English street robbers, Somali pirates, Bulgarian highwaymen, every nation has its criminal stereotype and in the pre-Christmas crime wave, the Crocodile brothers have grabbed the attention of the headline writers of the Bulgarian yellow press.
For the past twenty years, impervious to attempts by the authorities to put them behind bars, or perhaps helped by them, the band led by the brothers, Kroky and Geyser Milev, have preyed on Turkish guest-workers returning from Germany and Austria. Perhaps alerted by paid informers among customs officials and border police, the gang await their prey on the Sofia ring road or on the motorway that stretches past Plovdiv towards the Turkish border. They sit in cars down adjoining slip lanes, till they spot the loaded Audi or Mercedes, then give chase with flashing police lights. Once the law abiding Turkish citizen stops, the gang jump out of their cars, dressed in police uniforms, ready to beat smash rob and even kidnap.
With former police chief, Boyko Borisov as Prime Minister, many corrupt customs officials and border police are supposed to be trembling for their futures. Not a day passes without news of an arrest of some high powered official – even former minister. But the legal system has not as yet delivered convictions. As Boyko once famously said in his former life: we arrest them; you judges release them. Despite many previous arrests and trials, the Crocodile gang still operate with apparent impunity.
And so we learn that after a shoot out on the Sofia –Plovdiv motorway and the release of a frightened handcuffed Turkish Audi driver, the brothers are still at large armed with Kalashnikovs. No doubt after a hue and cry they’ll be arrested and once again the faulty Bulgarian justice machine will judder into life – just in time for our heroes to stand for an election and claim immunity. Alibis will be provided as in the past. The outcome will be in doubt for the next few years.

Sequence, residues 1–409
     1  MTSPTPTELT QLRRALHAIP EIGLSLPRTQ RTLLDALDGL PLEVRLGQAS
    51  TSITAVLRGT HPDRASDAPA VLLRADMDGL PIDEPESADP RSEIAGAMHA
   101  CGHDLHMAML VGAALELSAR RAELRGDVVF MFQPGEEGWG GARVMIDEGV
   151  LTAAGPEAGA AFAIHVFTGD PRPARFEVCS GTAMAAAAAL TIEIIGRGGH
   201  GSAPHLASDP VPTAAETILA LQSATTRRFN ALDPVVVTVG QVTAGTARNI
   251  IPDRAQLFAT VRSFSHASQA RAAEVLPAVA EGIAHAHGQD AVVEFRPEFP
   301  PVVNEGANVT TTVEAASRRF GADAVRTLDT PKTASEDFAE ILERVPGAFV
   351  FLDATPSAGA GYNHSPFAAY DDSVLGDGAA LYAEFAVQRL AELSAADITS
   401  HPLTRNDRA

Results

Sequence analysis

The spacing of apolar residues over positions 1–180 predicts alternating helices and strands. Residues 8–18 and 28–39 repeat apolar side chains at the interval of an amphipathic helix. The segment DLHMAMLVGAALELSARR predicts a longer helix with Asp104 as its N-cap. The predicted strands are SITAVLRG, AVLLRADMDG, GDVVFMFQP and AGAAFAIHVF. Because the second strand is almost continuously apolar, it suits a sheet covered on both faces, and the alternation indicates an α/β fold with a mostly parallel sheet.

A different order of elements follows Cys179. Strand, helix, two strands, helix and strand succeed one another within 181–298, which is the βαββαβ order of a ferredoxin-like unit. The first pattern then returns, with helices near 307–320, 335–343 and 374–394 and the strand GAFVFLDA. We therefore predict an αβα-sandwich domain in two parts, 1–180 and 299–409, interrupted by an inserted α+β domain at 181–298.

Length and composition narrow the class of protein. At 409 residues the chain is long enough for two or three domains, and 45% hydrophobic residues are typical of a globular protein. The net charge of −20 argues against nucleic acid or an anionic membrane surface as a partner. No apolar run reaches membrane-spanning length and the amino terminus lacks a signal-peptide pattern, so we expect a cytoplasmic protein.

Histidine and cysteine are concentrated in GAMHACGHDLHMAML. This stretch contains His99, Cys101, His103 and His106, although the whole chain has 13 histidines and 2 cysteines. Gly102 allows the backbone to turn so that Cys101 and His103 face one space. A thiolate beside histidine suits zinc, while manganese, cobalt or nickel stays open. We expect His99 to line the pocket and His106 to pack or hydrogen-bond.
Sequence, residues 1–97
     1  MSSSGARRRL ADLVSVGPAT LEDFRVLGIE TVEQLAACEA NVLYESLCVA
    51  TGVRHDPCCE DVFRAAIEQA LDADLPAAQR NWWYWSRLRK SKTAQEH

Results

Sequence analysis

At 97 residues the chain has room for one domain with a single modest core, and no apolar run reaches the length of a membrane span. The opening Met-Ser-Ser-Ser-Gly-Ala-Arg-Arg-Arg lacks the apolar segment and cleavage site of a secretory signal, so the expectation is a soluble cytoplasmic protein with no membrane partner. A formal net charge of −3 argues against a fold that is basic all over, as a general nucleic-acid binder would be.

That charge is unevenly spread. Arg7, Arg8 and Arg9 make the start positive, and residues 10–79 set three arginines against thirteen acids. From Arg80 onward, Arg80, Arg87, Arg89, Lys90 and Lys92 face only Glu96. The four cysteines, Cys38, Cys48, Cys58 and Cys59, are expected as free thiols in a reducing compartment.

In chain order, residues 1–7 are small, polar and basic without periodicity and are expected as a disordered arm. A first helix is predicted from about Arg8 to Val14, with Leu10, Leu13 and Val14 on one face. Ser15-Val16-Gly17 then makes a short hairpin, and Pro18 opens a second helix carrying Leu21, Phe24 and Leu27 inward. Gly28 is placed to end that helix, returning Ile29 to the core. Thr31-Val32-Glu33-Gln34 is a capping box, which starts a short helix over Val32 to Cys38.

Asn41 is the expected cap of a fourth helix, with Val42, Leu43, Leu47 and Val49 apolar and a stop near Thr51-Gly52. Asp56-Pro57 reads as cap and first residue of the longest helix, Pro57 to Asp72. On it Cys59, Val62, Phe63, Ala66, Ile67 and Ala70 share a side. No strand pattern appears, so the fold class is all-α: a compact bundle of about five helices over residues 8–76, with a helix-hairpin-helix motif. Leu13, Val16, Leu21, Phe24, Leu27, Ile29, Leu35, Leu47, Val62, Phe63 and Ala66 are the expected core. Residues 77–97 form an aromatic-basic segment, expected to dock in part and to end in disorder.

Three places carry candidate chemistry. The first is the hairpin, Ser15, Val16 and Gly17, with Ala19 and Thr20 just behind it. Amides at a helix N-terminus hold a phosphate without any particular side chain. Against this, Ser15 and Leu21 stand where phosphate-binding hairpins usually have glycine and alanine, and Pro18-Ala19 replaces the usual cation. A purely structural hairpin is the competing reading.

The Crocodile gang are but the latest in an old Bulgarian criminal tradition, celebrated in story and song. The country’s mountain chains and forests have long provided shelter for gangs of highway robbers, known as Haiduks. Most notably during the time of Turkish rule, Haiduks preyed on the rich caravans travelling from the northern borders of the empire towards Istanbul.
It was inevitable that many of the Haiduks have been celebrated as heroes of national resistance to oppressive Turkish rule. Captain Petko Voivoda, is just one of countless typical examples of Robin Hood characters who used the proceeds of their robberies to found churches and build bridges and fresh water fountains.
The romance associated with Balkan brigandage gained an international reputation with the kidnapping of the American missionary, Miss Stone in 1901. Her colleagues managed to smuggle the ransom in gold under the noses of the Turkish authorities. They had no doubt that the gold would be used to fund the Bulgarian resistance movement. As the American newspaper proprietor S.S McClure reported: “We never suspected the Bulgarian brigands of bad faith, for brigandage is one profession in which the prosperity of a man's business absolutely depends upon his scrupulously keeping his word.”
Miss Stone told the New York Times on her release: “I suppose you want to hear all about the brigands. They were not quite so fierce as you think.”
I’m not sure that our victim of the Sofia-Plovdiv motorway robbery would have been so gracious. The evidence shows that a large majority of Haiduks were not selfless patriots, fighting for Bulgarian freedom, but like the Crocodile brothers, out for get-rich-quick easy pickings from hapless travellers.
In England, every government is held to account by its yellow press when the street robbery statistics come out. Bulgarians won’t be holding their breaths on the fate of the Crocodile brothers.